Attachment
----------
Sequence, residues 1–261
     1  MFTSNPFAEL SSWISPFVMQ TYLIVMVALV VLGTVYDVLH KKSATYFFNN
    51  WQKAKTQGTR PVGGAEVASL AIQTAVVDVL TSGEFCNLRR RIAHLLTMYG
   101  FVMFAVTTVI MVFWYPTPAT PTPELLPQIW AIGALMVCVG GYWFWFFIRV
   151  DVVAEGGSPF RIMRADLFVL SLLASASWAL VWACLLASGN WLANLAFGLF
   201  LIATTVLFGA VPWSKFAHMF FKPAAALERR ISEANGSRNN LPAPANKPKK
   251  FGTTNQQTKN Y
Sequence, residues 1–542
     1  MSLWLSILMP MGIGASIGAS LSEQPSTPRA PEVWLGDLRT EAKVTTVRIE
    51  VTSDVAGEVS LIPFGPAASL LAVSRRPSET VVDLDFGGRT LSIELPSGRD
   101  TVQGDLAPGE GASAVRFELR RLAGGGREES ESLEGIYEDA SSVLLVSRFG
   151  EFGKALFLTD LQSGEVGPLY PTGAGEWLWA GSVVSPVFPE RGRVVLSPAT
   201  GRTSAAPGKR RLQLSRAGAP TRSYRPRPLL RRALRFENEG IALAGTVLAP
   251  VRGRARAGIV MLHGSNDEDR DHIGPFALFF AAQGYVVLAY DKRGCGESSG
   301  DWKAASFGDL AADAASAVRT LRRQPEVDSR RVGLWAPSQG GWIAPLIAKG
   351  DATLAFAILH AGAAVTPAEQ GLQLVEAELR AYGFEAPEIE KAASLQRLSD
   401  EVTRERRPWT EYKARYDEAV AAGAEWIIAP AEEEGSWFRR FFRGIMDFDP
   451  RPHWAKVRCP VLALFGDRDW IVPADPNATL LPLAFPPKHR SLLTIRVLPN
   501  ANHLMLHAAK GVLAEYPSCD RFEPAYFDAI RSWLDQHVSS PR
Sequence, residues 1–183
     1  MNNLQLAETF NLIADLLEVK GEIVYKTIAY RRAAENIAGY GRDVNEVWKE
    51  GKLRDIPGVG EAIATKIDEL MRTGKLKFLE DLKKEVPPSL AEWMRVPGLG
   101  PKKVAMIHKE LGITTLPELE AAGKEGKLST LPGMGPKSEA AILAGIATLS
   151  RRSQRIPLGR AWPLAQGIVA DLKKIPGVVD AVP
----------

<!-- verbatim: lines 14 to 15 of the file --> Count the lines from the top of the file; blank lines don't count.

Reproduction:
   251  VRGRARAGIV MLHGSNDEDR DHIGPFALFF AAQGYVVLAY DKRGCGESSG
   301  DWKAASFGDL AADAASAVRT LRRQPEVDSR RVGLWAPSQG GWIAPLIAKG